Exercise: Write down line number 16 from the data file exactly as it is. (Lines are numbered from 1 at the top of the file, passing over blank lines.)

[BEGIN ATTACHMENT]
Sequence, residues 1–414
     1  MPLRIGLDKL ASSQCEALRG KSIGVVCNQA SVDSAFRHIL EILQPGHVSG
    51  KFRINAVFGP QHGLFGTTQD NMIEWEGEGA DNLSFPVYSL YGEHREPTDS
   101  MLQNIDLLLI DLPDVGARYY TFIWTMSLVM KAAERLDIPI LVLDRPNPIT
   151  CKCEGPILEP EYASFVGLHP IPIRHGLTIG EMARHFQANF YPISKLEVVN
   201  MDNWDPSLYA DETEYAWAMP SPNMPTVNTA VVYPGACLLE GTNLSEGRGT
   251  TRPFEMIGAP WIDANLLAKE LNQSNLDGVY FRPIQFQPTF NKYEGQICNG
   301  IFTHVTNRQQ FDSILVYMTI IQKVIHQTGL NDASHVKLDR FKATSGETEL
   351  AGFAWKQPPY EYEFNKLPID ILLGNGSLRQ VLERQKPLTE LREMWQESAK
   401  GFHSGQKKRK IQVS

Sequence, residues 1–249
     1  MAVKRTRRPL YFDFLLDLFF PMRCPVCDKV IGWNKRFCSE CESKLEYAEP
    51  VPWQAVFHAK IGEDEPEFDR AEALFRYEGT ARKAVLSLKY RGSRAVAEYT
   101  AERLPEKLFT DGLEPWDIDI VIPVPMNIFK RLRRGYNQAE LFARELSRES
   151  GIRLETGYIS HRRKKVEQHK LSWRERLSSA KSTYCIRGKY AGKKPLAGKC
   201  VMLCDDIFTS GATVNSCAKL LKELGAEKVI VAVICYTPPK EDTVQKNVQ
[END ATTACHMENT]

   201  VMLCDDIFTS GATVNSCAKL LKELGAEKVI VAVICYTPPK EDTVQKNVQ